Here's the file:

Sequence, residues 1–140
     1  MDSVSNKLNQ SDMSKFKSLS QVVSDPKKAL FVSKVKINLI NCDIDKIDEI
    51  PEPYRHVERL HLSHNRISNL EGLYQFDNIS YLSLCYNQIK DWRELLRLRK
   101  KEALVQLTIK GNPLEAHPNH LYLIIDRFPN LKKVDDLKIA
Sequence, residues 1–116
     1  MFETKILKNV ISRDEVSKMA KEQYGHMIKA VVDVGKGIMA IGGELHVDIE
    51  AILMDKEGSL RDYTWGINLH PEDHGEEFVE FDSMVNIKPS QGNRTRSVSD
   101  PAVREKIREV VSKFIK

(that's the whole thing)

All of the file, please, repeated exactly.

Sequence, residues 1–140
     1  MDSVSNKLNQ SDMSKFKSLS QVVSDPKKAL FVSKVKINLI NCDIDKIDEI
    51  PEPYRHVERL HLSHNRISNL EGLYQFDNIS YLSLCYNQIK DWRELLRLRK
   101  KEALVQLTIK GNPLEAHPNH LYLIIDRFPN LKKVDDLKIA
Sequence, residues 1–116
     1  MFETKILKNV ISRDEVSKMA KEQYGHMIKA VVDVGKGIMA IGGELHVDIE
    51  AILMDKEGSL RDYTWGINLH PEDHGEEFVE FDSMVNIKPS QGNRTRSVSD
   101  PAVREKIREV VSKFIK